Thursday, March 28, 2019

Grey Resin

I've not had much time recently for modelling but today I set another test print running in my new 3D printer, not only to try it on a more detailed model but also to try a different resin. The default transparent green resin worked well but looks odd so I thought I'd try a more normal looking grey resin.


As you can see I printed the Sand Hutton Wagon which stalled because I couldn't get decent prints from Shapeways. On an initial look at the prints I was blown away. The crispness of the detail and the smoothness of the surfaces easily beats any prints of this model I've ever had from Shapeways. The underside of each part is deliberately less detailed due to the way they are supported while printing, but I can probably live with that. There are issues though.


First up, the floor of the wagon is missing plank lines. I'm guessing this is because the lines are quite thin, and unlike the sides of the wagon the whole floor surface is cured in one go, and the UV light has bled through enough to fill in the gaps. This could be easily fixed by widening the gaps ever so slightly.


A bigger issue though is the underside of the parts which is frankly horrid. It's all thick and bumpy. My feeling is that this is a combination of the grey resin being a little thiker so it doesn't run off as well when the layer is lifted, and that the part was printed parallel to the build plate. This means that when the layer lifted it held on to lots of the resin which cured slightly when the next layer was printed. It may be that the green resin would give better results as it seems to pour easier, but also tilting the model slightly so that the floor is printed in stages might also help.

So more experimentation is needed, but I'm getting there, and looking at the detail on the wagon sides, if I can iron out the teething problems the printer is going to be fantastic.

Sunday, March 17, 2019

405 Nanometres

As most of you will know I like 3D printing, I've been a convert since I got my first print back in August 2012. One thing I worked out quite quickly was that while I really enjoyed designing the parts and receiving the prints (usually from Shapeways) I had no interest in having a printer of my own.

The main reason for not wanting my own printer was a simple cost versus quality trade off. All the printers I could contemplate affording couldn't get anywhere near the quality of the prints I could buy via Shapeways who could afford to buy very very expensive printers. Over the last year or so a couple of things have changed that caused me to rethink my stance.

Firstly Shapeways are no longer the friendly, open, and helpful startup they once were. Don't get me wrong they are still producing high quality prints, but they've made a number of changes to their platform that make it a lot less fun to use. First they hid the pricing formula and a lot of the related details which made it difficult to print items without them becoming more expensive than necessary. Then they increased the prices, with some models seeing price rises of over 30% and they doubled the shipping costs. Added to that they changed the website layout making it so much harder to simply order a print.

At the same time as Shapeways were doing their best to alienate their customers there was a significant change in the home 3D printer market. Until fairly recently almost all the printers that I'd consider affordable for home use were based around Fused Deposition Modelling (FDM); essentially a nozzle moving in three dimensions depositing melted plastic. Whilst these printers can be used to produce great models, they tend to be quite large, and the quality, especially on small details, doesn't match up with what I'm used to getting via Shapeways (the process there is also FDM but again it's the cost/quality trade off issue). An alternative approach to printing is to use light to cure a resin, often referred to as stereolithography. Traditionally this involved a laser and mirrors and was an expensive approach, but there are other ways of achieving the same result. One such way is often refereed to as Digital Light Procssing (DLP) printing, where the light for a single layer is projected onto the resin. Depending how this is achieved it can be done relatively cheaply while still producing high quality prints. More importantly it can be done cheap enough for home use.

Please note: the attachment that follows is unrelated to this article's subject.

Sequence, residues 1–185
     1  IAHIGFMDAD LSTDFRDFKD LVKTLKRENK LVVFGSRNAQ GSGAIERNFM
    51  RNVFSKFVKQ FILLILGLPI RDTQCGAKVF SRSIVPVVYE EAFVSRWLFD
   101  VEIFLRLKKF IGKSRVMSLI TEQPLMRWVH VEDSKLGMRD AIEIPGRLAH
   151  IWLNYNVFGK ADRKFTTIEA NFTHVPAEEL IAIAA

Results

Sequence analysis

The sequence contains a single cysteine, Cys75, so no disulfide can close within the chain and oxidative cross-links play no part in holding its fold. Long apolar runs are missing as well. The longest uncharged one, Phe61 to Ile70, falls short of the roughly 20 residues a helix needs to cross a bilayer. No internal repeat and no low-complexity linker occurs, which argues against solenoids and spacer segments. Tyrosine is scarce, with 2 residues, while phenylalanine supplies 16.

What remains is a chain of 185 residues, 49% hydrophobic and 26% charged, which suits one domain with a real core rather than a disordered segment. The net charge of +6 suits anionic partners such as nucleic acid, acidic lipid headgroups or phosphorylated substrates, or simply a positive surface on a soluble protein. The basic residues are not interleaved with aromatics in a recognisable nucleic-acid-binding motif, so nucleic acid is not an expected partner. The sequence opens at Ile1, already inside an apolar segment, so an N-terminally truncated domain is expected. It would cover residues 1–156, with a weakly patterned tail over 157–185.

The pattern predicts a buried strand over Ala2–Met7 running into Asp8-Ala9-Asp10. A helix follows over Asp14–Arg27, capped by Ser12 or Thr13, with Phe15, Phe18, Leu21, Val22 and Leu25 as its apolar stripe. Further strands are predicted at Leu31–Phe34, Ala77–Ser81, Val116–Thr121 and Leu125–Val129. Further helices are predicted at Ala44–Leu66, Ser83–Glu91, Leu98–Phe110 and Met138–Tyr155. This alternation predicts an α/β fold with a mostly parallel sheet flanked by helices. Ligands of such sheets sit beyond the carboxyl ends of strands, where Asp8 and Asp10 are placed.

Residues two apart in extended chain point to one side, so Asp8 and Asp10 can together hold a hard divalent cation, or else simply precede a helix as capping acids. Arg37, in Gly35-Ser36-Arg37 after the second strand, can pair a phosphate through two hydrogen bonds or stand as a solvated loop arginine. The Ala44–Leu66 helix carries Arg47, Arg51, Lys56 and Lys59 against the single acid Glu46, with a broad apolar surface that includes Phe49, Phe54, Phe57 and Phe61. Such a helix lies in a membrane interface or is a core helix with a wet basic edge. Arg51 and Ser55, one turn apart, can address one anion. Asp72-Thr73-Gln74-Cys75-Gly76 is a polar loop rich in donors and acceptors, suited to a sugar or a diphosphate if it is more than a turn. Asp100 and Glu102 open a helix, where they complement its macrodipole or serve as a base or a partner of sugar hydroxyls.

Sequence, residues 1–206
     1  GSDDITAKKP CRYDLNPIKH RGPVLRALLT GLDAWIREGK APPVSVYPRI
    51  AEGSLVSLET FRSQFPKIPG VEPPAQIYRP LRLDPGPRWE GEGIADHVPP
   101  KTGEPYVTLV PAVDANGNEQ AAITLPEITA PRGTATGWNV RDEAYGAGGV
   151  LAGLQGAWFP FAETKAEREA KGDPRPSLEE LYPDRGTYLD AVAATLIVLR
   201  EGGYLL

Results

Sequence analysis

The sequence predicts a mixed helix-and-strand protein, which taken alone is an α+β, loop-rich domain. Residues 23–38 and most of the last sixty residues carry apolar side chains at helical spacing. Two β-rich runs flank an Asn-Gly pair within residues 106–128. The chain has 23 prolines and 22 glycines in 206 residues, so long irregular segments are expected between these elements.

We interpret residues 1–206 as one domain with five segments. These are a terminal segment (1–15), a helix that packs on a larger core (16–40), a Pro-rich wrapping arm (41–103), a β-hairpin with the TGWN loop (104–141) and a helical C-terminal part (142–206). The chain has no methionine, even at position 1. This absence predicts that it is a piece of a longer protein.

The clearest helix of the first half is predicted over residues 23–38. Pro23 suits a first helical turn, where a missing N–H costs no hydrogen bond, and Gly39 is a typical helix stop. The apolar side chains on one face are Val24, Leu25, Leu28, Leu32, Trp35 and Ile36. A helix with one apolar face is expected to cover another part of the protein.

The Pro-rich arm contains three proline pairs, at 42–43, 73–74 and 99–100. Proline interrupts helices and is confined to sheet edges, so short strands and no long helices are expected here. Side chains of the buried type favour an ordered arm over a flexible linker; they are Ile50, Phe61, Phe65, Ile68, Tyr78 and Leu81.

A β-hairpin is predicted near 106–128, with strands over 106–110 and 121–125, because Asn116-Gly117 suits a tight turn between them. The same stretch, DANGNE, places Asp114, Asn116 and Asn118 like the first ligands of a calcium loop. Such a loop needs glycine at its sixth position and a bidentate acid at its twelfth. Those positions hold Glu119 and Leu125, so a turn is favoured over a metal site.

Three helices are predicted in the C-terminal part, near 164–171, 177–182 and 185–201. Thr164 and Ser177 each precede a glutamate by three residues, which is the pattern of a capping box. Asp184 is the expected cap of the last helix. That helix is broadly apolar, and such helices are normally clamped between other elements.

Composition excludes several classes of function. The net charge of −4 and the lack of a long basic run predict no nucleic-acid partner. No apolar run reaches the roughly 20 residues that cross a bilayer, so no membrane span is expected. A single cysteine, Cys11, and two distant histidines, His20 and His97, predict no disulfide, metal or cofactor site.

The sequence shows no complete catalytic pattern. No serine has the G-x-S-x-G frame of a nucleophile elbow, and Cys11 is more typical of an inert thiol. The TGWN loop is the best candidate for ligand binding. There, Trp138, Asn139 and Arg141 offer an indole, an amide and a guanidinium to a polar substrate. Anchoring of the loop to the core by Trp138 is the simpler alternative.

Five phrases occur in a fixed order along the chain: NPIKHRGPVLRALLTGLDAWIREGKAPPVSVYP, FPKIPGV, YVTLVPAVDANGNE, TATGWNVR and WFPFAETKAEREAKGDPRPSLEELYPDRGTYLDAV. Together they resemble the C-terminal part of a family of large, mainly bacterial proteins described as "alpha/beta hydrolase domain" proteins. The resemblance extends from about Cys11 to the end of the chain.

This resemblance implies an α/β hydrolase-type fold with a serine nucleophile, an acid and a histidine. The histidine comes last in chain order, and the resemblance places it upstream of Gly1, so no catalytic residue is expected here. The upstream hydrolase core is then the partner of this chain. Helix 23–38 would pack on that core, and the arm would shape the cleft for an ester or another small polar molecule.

As you've probably guessed by now I've gone and bought myself a 3D printer. Specifically I've bought an Anycubic Photon (best price I've found for a UK seller is Amazon, and they seem to have fairly regular offers on, I got mine for quite a bit less than the current list price in one of Amazon's "Lightning Deals"). The printer has a relatively small build volume (i.e. the maximum size of object you can print) of 115mm x 115mm x 65mm but that's plenty big enough for the models I usually print. The small size is actually an advantage as it takes up very little space (22cm x 20cm) on my desk. It works by using an LCD screen, at the bottom of the resin vat, to act as a mask for a UV light. After each layer has cured the build plate is moved up a tiny amount before the next layer is made.

This means that essentially the printer boils down to a UV light (with a wavelength of 405 nanometre), an LCD screen, and a single stepper motor (plus the control electronics obviously) making it fairly cheap to produce. Of course the approach does have some limitations. For example, the XY resolution is dependent on the resolution of the LCD screen, and the smallest detail you can produce is therefore the size of a pixel -- 47 microns in this case. Also with the LCD essentially acting as a mask there will be some bleeding of light which can make producing small holes an issue as they tend to close up slightly. So the question becomes how good can printers like this be for the price.